|Home | About | Journals | Submit | Contact Us | Français|
Subcellular fractionation has been an important tool in investigating human eosinophil structure and function, including localizing of cytokine/chemokines within granules, investigating granule protein translocation and intracellular transport during eosinophil secretion, and studying secretory mechanisms of granules. The resolution of organelles obtained by subcellular fractionation was improved considerably after the introduction of nonionic iodinated density-gradient metrizamide and Nycodenz media that, unlike sucrose, exhibit relatively low tonicity throughout the gradient. However, the structure and membrane preservation of isolated organelles were still compromised due to the lack of gradient isoosmolarity. This paper describes a detailed protocol of subcellular fractionation of nitrogen cavitated eosinophils on an isoosmotic iodinated density gradient (iodixanol − OptiPrep) and the isolation of well preserved and functional membrane-bound specific granules.
Eosinophils, key cells in allergic reactions and in immune and inflammatory responses against parasitic helminths, are leukocytes that contain a dominant population of cytoplasmic specific granules ultrastructurally characterized by their crystalline core. Eosinophil specific granules are remarkable in their content of preformed basic proteins, such as eosinophil cationic protein (ECP), major basic protein (MBP), eosinophil peroxidase (EPO), eosinophil derived neurotoxin (EDN), preformed enzymes (eg, β-hexosaminidase) and a multiplicity of preformed cytokines/chemokines (Gleich, 2000; Rothenberg et al., 2006).
Over the years, subcellular fractionation, performed by density gradient centrifugation, has been used as an important tool in the investigation of human eosinophil structure and function, including localizing of cytokine/chemokines within granules (Levi-Schaffer et al., 1995; Moqbel et al., 1995; Levi-Schaffer et al., 1996; Lacy et al., 1998; Lacy et al., 1999; Woerly et al., 2002; Spencer et al., 2008) and studying granule protein translocation and intracellular transport during eosinophil secretion (Lacy et al., 1998; Lacy et al., 1999; Karawajczyk et al., 2000; Logan et al., 2002; Logan et al., 2006; Spencer et al., 2006; Spencer et al., 2008).
Sucrose gradients have been used for the characterization (West et al., 1975; Lewis et al., 1978) and for the understanding of the selective mobilization of eosinophil granule proteins (Karawajczyk et al., 2000). However, limitations of sucrose-based gradients and their high osmotic pressure/density ratio that can cause reversible or irreversible shrinkage to organelles and thereby reduce density differences between certain types of organelles, affecting the resolution of the gradient (Castle, 2003; Castle, 2004). More recently, there has been renewed interest in other iodinated media like metrizamide and Nycodenz for use in separation by isopycnic banding in subcellular fractionation. Nycodenz, much less osmotically active and less viscous than sucrose, can generally resolve organelles and vesicles, and thus has been widely used for human eosinophil subcellular fractionations (Levi-Schaffer et al., 1995; Moqbel et al., 1995; Levi-Schaffer et al., 1996; Lacy et al., 1998; Lacy et al., 1999; Logan et al., 2002; Woerly et al., 2002; Logan et al., 2006). However, despite presenting reduced osmolarity and viscosity compared to sucrose, Nycodenz and metrizamide still exert a significant osmotic pressure in higher densities (Castle, 2004). For instance, both of them are only isoosmotic with mammalian fluids (290–300 mOsm) at densities below ~ 1.2 g/mL which is above that of most organelles (Castle, 2004).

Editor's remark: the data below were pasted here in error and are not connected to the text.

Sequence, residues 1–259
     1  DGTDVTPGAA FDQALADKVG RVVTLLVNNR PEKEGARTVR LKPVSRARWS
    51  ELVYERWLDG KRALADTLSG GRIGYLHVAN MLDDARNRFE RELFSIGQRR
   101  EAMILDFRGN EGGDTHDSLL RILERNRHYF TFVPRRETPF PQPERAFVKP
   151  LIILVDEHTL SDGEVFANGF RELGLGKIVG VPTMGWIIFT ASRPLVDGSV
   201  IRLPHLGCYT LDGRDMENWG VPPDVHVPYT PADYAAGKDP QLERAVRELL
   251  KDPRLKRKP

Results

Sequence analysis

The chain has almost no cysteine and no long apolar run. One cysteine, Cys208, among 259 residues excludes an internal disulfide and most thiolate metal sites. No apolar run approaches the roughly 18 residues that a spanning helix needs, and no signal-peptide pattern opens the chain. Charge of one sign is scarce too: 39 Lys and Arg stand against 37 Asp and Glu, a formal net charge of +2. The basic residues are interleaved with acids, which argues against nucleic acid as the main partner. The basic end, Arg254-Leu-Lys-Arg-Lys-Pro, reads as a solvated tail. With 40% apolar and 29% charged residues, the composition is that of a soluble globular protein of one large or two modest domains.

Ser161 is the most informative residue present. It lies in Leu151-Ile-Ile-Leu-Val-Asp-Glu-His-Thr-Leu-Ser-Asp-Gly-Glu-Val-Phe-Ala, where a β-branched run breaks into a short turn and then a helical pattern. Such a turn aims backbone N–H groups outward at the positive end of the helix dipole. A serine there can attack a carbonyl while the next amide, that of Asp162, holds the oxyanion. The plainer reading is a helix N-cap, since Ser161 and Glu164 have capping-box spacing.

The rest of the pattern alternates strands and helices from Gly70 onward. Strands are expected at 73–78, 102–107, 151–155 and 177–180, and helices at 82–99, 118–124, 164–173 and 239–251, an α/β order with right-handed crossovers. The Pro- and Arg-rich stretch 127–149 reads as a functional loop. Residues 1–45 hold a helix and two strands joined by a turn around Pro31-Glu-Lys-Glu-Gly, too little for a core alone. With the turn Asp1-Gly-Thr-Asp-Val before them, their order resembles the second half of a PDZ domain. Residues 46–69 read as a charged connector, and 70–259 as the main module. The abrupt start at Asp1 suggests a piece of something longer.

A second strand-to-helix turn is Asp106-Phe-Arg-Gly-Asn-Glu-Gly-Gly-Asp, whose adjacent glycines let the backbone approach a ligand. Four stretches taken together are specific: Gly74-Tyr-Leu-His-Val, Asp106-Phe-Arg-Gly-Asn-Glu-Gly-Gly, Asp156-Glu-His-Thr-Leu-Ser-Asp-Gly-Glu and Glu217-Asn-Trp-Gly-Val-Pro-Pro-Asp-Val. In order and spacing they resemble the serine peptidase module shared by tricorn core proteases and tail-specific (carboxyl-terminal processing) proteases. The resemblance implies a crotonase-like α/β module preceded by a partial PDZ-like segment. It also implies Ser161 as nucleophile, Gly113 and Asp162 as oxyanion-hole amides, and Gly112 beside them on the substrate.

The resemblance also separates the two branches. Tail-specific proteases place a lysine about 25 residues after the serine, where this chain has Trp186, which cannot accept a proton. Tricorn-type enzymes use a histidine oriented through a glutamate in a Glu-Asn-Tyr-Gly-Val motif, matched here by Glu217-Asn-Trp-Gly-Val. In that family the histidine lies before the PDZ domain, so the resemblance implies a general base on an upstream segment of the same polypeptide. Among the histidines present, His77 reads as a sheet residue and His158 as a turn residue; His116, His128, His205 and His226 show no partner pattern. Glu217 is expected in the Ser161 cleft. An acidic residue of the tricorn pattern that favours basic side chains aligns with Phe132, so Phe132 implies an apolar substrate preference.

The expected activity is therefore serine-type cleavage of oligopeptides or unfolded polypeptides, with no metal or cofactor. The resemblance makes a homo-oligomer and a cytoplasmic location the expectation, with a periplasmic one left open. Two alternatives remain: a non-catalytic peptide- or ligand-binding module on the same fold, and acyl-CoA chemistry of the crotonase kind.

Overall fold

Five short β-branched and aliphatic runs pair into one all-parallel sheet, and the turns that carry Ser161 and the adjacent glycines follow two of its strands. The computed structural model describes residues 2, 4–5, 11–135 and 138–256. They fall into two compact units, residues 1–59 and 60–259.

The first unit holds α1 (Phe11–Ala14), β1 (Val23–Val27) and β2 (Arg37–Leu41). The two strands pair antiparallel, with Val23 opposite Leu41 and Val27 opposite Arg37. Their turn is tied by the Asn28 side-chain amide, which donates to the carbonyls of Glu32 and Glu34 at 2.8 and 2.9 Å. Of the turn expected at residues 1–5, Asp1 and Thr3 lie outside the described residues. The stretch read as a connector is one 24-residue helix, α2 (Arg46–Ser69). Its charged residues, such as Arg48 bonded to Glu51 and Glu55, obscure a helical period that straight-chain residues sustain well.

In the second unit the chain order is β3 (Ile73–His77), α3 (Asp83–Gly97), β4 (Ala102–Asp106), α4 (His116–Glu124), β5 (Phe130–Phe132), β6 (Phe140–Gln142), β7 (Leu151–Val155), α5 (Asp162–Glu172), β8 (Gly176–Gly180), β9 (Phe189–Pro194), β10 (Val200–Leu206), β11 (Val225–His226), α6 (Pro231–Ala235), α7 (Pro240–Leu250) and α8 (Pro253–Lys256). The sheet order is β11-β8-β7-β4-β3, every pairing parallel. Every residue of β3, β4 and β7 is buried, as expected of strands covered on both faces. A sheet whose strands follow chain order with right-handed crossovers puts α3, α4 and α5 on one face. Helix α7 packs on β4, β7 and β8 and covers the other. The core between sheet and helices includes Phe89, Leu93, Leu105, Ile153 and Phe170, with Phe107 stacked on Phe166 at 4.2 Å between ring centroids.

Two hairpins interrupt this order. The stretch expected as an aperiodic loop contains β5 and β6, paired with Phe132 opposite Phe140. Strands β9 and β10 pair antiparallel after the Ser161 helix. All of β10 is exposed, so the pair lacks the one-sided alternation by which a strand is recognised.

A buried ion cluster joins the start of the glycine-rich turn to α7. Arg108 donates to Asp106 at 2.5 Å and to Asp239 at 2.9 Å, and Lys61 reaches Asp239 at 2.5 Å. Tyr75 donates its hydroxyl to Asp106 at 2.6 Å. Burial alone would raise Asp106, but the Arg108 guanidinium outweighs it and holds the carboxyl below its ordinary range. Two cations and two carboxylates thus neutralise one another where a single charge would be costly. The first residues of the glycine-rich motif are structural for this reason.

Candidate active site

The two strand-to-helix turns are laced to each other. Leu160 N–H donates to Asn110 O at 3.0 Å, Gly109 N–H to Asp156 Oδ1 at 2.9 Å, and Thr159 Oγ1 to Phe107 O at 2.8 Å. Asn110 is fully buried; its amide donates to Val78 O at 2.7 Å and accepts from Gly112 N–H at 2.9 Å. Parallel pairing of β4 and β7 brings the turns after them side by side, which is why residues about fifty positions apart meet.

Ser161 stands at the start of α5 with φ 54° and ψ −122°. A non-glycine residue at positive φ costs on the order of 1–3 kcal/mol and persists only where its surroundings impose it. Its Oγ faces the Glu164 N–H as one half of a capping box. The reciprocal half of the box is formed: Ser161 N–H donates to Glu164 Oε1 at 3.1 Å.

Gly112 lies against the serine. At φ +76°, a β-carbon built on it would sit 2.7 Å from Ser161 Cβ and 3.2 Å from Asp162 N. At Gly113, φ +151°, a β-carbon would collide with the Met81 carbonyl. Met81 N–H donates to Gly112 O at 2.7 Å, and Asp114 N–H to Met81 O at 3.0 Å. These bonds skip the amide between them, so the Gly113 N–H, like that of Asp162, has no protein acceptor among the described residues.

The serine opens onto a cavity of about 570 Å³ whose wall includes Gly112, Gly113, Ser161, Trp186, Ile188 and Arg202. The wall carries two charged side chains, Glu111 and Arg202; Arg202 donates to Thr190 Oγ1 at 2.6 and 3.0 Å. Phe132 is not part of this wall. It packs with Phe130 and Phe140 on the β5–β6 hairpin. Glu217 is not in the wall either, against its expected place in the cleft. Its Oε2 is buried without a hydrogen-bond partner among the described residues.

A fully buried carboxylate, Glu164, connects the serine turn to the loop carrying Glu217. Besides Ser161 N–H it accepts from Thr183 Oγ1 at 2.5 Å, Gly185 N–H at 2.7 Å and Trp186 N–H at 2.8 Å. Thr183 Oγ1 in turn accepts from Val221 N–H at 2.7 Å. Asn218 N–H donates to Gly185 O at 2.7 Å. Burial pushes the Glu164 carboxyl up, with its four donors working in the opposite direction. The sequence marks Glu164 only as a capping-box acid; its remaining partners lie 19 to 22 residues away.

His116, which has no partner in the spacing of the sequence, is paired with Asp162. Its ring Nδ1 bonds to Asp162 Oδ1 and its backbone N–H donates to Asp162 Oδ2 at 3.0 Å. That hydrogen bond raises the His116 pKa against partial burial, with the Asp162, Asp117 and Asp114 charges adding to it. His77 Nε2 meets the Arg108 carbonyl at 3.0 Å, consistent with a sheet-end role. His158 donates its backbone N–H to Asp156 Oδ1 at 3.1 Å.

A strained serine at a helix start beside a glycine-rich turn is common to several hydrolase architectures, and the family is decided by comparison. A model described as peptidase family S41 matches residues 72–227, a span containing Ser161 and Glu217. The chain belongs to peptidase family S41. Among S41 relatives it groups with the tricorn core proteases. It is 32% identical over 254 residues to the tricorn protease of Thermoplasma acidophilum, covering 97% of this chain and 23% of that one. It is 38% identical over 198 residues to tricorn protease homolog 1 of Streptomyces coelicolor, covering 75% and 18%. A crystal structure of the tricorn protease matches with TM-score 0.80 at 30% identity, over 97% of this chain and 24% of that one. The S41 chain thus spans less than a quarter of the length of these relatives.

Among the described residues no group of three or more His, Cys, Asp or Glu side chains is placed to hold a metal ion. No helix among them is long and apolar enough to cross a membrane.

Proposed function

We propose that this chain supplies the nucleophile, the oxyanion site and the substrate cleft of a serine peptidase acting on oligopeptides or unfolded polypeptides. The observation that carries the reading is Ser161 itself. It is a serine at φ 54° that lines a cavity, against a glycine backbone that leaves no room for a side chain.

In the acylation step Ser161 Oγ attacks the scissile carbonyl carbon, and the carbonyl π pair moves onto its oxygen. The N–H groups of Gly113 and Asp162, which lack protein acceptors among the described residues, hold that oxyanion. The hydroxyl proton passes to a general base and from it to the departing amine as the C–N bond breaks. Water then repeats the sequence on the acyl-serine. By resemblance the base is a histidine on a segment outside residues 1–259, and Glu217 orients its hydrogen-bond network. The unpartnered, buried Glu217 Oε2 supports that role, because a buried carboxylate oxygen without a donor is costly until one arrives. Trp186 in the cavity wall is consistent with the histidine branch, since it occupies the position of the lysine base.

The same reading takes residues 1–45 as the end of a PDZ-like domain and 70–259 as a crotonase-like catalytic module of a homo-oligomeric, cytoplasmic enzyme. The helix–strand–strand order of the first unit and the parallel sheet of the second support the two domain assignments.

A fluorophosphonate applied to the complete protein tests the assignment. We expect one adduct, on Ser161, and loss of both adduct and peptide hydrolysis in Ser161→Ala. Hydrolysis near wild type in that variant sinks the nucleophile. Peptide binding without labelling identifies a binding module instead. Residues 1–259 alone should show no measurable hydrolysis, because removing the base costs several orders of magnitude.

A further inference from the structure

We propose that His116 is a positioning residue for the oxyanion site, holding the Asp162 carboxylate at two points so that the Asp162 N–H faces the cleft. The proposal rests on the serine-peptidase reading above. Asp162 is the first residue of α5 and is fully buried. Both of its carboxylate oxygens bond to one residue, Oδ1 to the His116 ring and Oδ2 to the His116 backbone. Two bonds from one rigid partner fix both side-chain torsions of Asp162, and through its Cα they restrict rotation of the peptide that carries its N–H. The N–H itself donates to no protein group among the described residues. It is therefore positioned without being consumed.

The latest addition to the range of iodinated density gradient media is iodixanol (OptiPrep), which enables preparation of isoosmotic solutions over the full range of organelle densities, making this medium ideal for the isolation of organelles for functional studies. The physical properties of iodixanol have been described previously (Ford et al., 1994). Briefly, iodixanol is essentially a dimer of Nycodenz. It is available commercially as a 60% (w/v) solution in water whose osmolality is approximately 260 mOsm. Using an osmotic balancer it can form isoosmotic gradients over a wide range of densities (up to 1.32 g/mL).
Here we describe in detail an optimized process of subcellular fractionation of nitrogen cavitated human eosinophils using an iodixanol isoosmotic density gradient. This approach enables isolation of functional well-preserved membrane-bound eosinophil specific granules and was recently used by our group to document the secretory properties of these granules as cell-free organelles (Neves et al., 2008).
Eosinophils were isolated as described (Neves et al., 2008). Eosinophils were obtained from the blood of healthy and atopic donors. Experiments were approved by the Beth Israel Deaconess Medical Center Committee on Clinical Investigation, and informed consent was obtained from all subjects. Blood was mixed with neutral sodium citrate (100 mM, pH 7.4) and 6% dextran-saline (Baxter, Deerfield, IL, USA) in a ratio of 4:1:1 for 30–45 min to allow erythrocyte sedimentation. The leukocyte-enriched plasma was harvested, layered onto Ficoll-Paque (Amersham Pharmacia, Uppsala, Sweden) and centrifuged at 250g for 20 min with a starting temperature of 25°C reaching 4°C by the end of centrifugation. Except for blood collection and dextran sedimentation of erythrocytes, the procedure was carried out at 4°C. The granulocyte-enriched cell pellets were collected, washed at 4°C with calcium-, magnesium-free HBSS and incubated with anti-CD2, -CD16, -CD14, -CD19, glycophorin and -CD56 immunomagnetic beads as per manufacturer’s instructions (StemSep eosinophil enrichment cocktail, Stem-Cell Technologies, Vancouver, Canada). Eosinophils were negatively selected using the MACS system (Miltenyl Biotec, Aubum, CA, USA). Erythrocyte hypotonic lysis was not performed. Contaminating RBCs were eliminated by anti-glycophorin antibodies (Abs) included in the negative selection eosinophil enrichment antibody (Ab) cocktail. The viability and purity of freshly isolated eosinophils were >99% as analyzed by trypan blue exclusion and HEMA3 staining (Fisher Scientific Co., Pittsburgh, PA, USA), respectively. For subcellular fractionations, a number of eosinophils not less than 10 × 106 and not more than 35 × 106 was used in order to obtain a reasonable amount of eosinophil specific granules and to prevent overloading the gradient, respectively.